The first underlying condition has to do with understanding that the term, “employee”  is a legal term used throughout employment and labor law that was created for workers migrating from farms and going to work for corporations at the beginning of the industrial revolution.  (It is extremely important to stress the legality of the term “employee” because like all legal terms contained in law, they have specific and often narrow definitions within the context of that law and “employee” is no different).  Most people don’t make a distinction when using the terms, “employee” and “worker”, but there is a big difference between the two and understanding that difference is critical to understanding how employment laws and tax codes that were created specifically for “employees” that now cause companies to shy away from hiring “employees”.  It is also important to note that as companies shy away from hiring “employees”, they are much more willing to hire workers that are “non-employees”, which incidentally is great for the company but not for the “non-employee”.  At the beginning of the industrial revolution, there was only ONE class of worker in the employment system, i.e. “employees”.  Therefore, employment and labor laws enacted at that time were concerned only with this ONE class of worker.  As employment and labor laws were formed to articulate the legal rights for “employees”, IRS tax codes were created that dictated how companies would be hire ”employees”  and treat them from a tax standpoint.   Unfortunately, those IRS tax codes dictated that when companies hired “employees”, they HAD TO TREAT THE SALARIES AND BENEFITS ASSOCIATED WITH THEM AS “FIXED” OVERHEAD COSTS.  On the other hand, companies can hire workers who are “non-employees” and the cost of salaries and benefits are treated as a VARIABLE expense.  This tax treatment of  ”employees” and workers who are “non-employees” goes to the heart of the problem and explains why companies are shying away from hiring “employees” under the existing legislation and leaning toward hiring workers who are “non-employees”.  What companies and “non-employee” workers really need is an option that allows companies to hire a class of  ”employees” (universal employees) and treat the salaries and benefits as a variable expense.  The ability for companies to treat “employees’ salaries and benefits as a variable expense could very well be the stimulus that many companies need to begin hiring even in a tough economy, which explains why many companies that downsize will turn right around and bring many of their laid off workers back as consultants or independent contractors  at a higher rate of pay.  There are many financial benefits to a company’s ability to transfer large fixed overhead costs associated with “employees” salaries and benefits to the variable side of the ledger, but companies are not able to do this this due to outdated legislation that has outlived it usefulness.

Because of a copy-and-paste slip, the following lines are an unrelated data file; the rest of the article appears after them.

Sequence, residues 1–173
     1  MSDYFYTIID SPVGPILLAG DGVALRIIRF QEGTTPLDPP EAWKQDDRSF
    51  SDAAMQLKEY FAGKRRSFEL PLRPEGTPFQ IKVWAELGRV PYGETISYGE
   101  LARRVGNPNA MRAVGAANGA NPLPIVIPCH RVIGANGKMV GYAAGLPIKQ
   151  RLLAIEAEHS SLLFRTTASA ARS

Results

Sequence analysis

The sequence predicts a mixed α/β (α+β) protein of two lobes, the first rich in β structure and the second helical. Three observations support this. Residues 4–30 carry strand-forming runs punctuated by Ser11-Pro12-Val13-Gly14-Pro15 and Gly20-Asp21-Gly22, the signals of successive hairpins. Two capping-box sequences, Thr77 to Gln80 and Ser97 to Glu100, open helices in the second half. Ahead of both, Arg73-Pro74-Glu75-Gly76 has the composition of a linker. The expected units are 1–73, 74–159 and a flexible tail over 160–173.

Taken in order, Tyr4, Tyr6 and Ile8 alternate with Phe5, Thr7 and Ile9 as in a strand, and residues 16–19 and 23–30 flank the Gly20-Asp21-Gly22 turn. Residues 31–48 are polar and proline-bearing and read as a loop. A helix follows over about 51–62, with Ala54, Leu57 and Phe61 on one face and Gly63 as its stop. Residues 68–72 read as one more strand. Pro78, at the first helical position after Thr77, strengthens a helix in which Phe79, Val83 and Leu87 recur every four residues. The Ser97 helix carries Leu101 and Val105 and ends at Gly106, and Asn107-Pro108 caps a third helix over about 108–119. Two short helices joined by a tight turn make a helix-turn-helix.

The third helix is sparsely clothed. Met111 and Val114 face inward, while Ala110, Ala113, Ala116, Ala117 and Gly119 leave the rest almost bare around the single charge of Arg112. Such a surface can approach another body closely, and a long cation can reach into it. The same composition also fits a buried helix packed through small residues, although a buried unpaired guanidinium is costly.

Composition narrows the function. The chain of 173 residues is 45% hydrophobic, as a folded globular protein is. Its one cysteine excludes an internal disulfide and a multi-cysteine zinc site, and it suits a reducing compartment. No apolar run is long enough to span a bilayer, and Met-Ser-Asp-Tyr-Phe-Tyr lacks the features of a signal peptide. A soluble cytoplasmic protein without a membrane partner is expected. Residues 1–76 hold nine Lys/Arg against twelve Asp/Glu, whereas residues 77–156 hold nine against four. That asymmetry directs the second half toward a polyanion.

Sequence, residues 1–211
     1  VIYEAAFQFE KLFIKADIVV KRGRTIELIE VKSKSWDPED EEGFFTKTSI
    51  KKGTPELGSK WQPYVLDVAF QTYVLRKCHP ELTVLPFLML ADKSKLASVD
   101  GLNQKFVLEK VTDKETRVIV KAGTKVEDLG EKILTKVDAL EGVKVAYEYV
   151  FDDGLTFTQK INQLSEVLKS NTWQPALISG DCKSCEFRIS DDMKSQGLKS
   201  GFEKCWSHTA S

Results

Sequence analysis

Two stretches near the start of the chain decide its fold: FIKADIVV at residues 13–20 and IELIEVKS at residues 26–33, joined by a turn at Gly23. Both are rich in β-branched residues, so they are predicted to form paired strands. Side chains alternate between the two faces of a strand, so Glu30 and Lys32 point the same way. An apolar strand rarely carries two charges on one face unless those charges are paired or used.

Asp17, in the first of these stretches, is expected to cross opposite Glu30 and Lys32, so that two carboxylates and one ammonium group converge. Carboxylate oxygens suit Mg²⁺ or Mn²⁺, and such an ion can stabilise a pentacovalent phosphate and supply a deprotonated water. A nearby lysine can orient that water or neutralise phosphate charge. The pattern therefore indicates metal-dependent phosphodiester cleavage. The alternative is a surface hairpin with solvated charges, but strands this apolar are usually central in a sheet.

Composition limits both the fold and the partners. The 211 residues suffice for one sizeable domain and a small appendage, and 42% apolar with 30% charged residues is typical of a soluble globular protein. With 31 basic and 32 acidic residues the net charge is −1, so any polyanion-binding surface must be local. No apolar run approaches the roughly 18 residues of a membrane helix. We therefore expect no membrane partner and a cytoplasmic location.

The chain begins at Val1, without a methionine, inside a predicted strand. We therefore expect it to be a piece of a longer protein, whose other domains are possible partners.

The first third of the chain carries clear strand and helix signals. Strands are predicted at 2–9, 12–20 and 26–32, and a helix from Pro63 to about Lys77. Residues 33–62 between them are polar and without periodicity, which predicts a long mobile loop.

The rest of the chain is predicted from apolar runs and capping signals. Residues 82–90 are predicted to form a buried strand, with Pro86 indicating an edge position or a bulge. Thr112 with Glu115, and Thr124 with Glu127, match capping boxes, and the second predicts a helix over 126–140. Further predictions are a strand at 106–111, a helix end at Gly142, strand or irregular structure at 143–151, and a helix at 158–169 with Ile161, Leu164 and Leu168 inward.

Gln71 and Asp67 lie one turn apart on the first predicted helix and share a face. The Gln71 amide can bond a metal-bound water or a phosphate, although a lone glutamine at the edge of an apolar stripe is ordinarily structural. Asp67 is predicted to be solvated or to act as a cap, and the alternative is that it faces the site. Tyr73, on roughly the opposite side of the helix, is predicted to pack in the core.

It is equally important to understand that over the last 80+ years, there have been drastic changes in the makeup of the labor force, which has seen the introduction of other types of workers  since the beginning of he industrial revolution.  The 21st century has produced several other types of workers who are “non-employees” and therefore are NOT covered by existing statutory employment and labor law.  Some sources estimate that there are between 42 and 60 million “non-employee” workers in the U.S. that 21st century growth and change have produced   Unfortunately, a significant percentage of these 21st century workers are forced into a state of disenfranchisement and impoverishment when they lose or fail to find jobs as “employees”  because there are have no other legal employment status to which they can move that allows them to continue to build their economic and professional stability.  The solution to this dilemma is a legislative amendment by Congress to legally recognize “universal employee” as a type of “employee” that companies can hire and treat their salaries and benefits as a variable expense.  This scenario creates a win-win-win for 21st century workers-companies-government in that millions of 21st century workers will have a legal “employee” status to which they can move when they lose a traditional “employee” job; companies will gain the flexibility of JIT (just-in-time) staff planning and the tax advantage of treating salaries and benefits of “universal employees” as variable expense; and the government will gain millions of new entrants into the tax employment revenue pipeline.